Midstate's top high school students choosing TTU in increasing numbers

The competition to attract the best and brightest high school students in Middle Tennessee never ends for colleges and universities, but this year's top students are choosing Tennessee Tech University in increasing numbers.

This year, 41 of the Midstate's high school valedictorians and salutatorians chose Tennessee Tech, an increase from last year's 27 students, according to a June survey of 22 counties compiled by The Tennessean newspaper. The university was the second most popular choice for students in the survey area, just behind MTSU.

Jim Gray, TTU's assistant director of admissions, says the numbers reflect increasing recruiting success through a team effort from faculty, support staff, student telecounselors and admissions representatives.
"In the last four years, there has been a steady increase in the number of these students choosing our university," said Gray. "Students are becoming more aware that we can provide a quality education at an affordable price."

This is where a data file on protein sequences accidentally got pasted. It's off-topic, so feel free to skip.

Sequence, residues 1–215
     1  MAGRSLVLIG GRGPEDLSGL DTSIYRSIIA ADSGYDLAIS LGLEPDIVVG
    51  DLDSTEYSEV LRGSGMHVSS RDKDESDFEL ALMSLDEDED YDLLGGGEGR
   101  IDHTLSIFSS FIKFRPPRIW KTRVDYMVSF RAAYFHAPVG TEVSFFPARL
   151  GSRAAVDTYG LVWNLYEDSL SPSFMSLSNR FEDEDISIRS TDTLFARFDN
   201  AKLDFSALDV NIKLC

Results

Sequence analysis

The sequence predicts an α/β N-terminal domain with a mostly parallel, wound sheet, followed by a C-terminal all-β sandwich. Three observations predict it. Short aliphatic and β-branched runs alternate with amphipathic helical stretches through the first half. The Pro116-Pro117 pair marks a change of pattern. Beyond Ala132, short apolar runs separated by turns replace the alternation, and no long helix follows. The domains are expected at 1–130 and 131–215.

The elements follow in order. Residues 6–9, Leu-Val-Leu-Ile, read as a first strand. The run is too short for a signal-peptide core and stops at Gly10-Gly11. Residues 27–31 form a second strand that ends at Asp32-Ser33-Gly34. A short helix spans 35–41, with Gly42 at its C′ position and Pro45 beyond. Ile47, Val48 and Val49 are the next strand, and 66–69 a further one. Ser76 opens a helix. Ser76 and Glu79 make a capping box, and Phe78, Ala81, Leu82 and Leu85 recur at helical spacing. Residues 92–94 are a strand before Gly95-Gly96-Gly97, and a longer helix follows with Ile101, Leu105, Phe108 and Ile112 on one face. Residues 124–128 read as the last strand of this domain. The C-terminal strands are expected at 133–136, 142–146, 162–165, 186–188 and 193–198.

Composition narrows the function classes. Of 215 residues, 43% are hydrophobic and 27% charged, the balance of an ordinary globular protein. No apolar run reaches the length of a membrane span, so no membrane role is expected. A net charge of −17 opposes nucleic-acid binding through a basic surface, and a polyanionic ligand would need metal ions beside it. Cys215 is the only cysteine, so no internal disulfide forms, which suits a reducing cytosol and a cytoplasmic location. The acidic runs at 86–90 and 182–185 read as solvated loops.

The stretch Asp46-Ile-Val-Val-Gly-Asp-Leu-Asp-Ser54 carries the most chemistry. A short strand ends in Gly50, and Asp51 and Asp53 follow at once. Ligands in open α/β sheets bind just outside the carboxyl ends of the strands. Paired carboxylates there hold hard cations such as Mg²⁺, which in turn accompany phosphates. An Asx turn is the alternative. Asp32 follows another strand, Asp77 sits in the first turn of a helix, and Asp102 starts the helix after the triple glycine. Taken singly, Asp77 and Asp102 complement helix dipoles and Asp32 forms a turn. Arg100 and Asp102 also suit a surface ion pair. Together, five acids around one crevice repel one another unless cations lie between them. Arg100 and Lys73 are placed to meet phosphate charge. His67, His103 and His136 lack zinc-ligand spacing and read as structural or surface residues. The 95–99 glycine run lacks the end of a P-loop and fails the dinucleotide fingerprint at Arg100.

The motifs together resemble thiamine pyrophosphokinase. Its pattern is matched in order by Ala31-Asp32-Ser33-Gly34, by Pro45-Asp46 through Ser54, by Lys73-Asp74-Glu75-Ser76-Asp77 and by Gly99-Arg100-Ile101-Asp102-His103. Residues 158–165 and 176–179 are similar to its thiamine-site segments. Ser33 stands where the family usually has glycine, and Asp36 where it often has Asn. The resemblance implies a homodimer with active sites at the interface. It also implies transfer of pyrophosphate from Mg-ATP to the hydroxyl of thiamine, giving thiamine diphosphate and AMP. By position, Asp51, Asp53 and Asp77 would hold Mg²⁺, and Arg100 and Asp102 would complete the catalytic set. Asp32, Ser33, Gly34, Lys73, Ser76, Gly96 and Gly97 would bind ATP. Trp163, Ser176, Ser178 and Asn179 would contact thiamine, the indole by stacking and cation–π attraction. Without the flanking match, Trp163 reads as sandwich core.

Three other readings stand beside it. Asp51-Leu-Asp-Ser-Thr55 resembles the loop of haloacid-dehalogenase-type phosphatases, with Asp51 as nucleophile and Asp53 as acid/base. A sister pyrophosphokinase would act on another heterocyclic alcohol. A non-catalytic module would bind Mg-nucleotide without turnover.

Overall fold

According to the survey, more students majoring in engineering chose Tennessee Tech than any other state school. Tennessee Tech attracted 13 of the Midstate's top high school students who expressed interest in engineering. The next closest university was UT-Knoxville with eight.

But students with interests in other fields are also choosing Tennessee Tech. Their interests vary and include music education, nursing, business, agri-business, pre-pharmacy and elementary education.

In the fall, Gray says Tennessee Tech's freshman class will boast the highest percentage of Midstate high school valedictorians and salutatorians based on typical numbers of freshmen at each state school.

Tennessee Tech rewards many top students with scholarships worth as much as $4,000 to $5,000 dollars if they have a minimum 3.75 grade point average and a minimum composite ACT score of 28. Other scholarships to valedictorians and salutatorians are determined on a sliding scale based on their grade point averages and ACT scores.

The university was also ranked among the South's Top Public Schools for the second year in a row by U.S. News & World Report's 2003 America's Best Colleges publication.

The Tennessean survey received responses from 378 valedictorians and salutatorians from the 22-county area.
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